Faith is a rare commodity in our cynical, materialistic times. Yet, in the field of classical music recording, it is a feature shared by all the enterprising labels committed to capturing the music and performers of our time. Naxos, well known for its exhaustive surveys of obscure music from sometimes exotic concert cultures, has now taken a new and brave step, commissioning 10 Naxos Quartets from the English composer Sir Peter Maxwell Davies.
Here is a man who was a firebrand in his time, touring the world (including New Zealand) with his Fires of London ensemble and taking time off to pen a wicked, wacky score for Ken Russell's The Boyfriend. Ever unpredictable, Davies turned symphonist in 1976 and now manages to combine being Master of the Queen's Music with living in rural isolation on the Orkney Islands.
The latest instalment of his Naxos Quartets features No 5 and 6. The Maggini Quartet has never played better, and Andrew Walton's recording is pantheon standard. Try the second movement of No 5, inspired by the beneficent beams of northern Scotland's lighthouses. There's some meltdown dissonance, but this is tempered by warm, Bergian harmonies and a magical fade-out, in which the sweep of a man-made beam succumbs to nature's first light. Davies now finds new rewards in the intellectual and aesthetic discipline of the quartet and has created textbooks of musical influences, without threatening his individuality.
Such influences are sometimes hard to pin down. The second movement of No 6 might be based on plainsong, but audiences must hear Ravelian echoes in its pizzicato scherzo. But we shouldn't be surprised at such catholic taste, when earlier Naxos Quartets have already travelled so widely, from the nods to Beethoven and Haydn in No 1 through to the Bachian intensity of No 3, the composer's fiery reaction to the 2003 Iraq War. Some listeners will find a source of spiritual contemplation in the Naxos Quartets; others the same intellectual stimulation found in the world of words. Davies' ultimate victory is that he has taken chamber music out into the wider world and asserted its relevance.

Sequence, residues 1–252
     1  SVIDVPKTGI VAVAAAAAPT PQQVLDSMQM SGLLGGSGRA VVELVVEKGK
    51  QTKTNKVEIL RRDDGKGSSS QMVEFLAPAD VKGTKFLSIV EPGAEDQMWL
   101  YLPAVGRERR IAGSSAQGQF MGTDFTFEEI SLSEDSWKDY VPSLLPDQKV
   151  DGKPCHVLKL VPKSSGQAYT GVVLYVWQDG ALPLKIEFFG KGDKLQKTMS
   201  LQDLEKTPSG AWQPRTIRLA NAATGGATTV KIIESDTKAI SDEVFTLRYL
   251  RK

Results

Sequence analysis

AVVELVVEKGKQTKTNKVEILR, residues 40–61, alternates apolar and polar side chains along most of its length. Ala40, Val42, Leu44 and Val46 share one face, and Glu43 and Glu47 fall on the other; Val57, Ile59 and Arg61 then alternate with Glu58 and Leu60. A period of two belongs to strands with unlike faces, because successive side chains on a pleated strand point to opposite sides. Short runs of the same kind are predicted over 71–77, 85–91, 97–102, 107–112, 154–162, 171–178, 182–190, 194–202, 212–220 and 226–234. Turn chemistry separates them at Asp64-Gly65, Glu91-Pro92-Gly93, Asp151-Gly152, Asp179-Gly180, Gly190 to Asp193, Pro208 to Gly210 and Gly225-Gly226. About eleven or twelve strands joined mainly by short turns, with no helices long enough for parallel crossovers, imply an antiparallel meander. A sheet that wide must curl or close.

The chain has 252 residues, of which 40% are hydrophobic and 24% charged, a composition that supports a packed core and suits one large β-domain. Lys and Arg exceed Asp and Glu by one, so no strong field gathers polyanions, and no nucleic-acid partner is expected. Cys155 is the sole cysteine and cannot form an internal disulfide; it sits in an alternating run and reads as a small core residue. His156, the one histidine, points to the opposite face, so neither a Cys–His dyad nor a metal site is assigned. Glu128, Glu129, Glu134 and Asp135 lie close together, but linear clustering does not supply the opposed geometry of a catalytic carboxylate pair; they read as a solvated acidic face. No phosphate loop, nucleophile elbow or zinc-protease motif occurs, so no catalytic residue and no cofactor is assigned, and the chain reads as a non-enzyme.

William Dart, New Zealand Herald, 5/3/2006
These are the fifth and sixth in the projected series of ten quartets Peter Maxwell Davies is writing on commission from Naxos. The composer gives the two-movement Naxos Quartet No 5 the subtitle ‘Lighthouses of Orkney and Shetland’. This, as he states in his instructive booklet notes, refers not just to the physical presence of these coastal towers but also to their respective ‘calls’ – each one being readily identifiable by the rhythmic pattern-making of its flashes of light. It’s quite a useful analogy in helping to provide a window onto the opening Largo, which begins with tiny pizzicato and tremolando rhythmic cells before the sighing glissandi of the cello emerge suddenly from the texture, calling out into the firmament. The sonata form that follows this slow introduction takes the listener through the intricate motivic work of the exposition (brought to a spectacular close by precipitous scalic ascents in the two violins), a forcefully concise development and a murmured, shadowy recapitulation. In a brilliant display of compositional frugality, the Lento second movement assumes exactly the same material and form as the first, although heard now in glowing, unbroken counterpoint. In a touching coda, this enigmatic work fades out on an idea heard at its very outset, the composer likening the effect to ‘the sweeping beam of the North Ronaldsay light dissolving into the first light of dawn’.
Dedicated to Alexander Goehr and composed between December 2004 and January 2005, Naxos Quartet No 6 is an entirely different beast. It is a six-movement, 35-minute work – which has the model of Beethoven’s late quartets hovering in the background. The opening Allegro veers unpredictably between the burningly intense and the tenderly reflective. After a brace of scherzos (the first, played pizzicato, based on an Advent plainsong) comes an Adagio contrasting sections of ardent lyricism with a more anguished central section. Towards its close the composer introduces the enormously effective yet eminently simple idea of a recitative for each instrument against sustained accompaniment. Based on a Christmas plainsong (In Die Nativitatis), the Quartet’s fifth movement transforms into a sotto voce carol before a vigorous finale brings this imaginatively wrought and judiciously paced work to a close.
Peter Quinn, International Record Review, 6/1/2006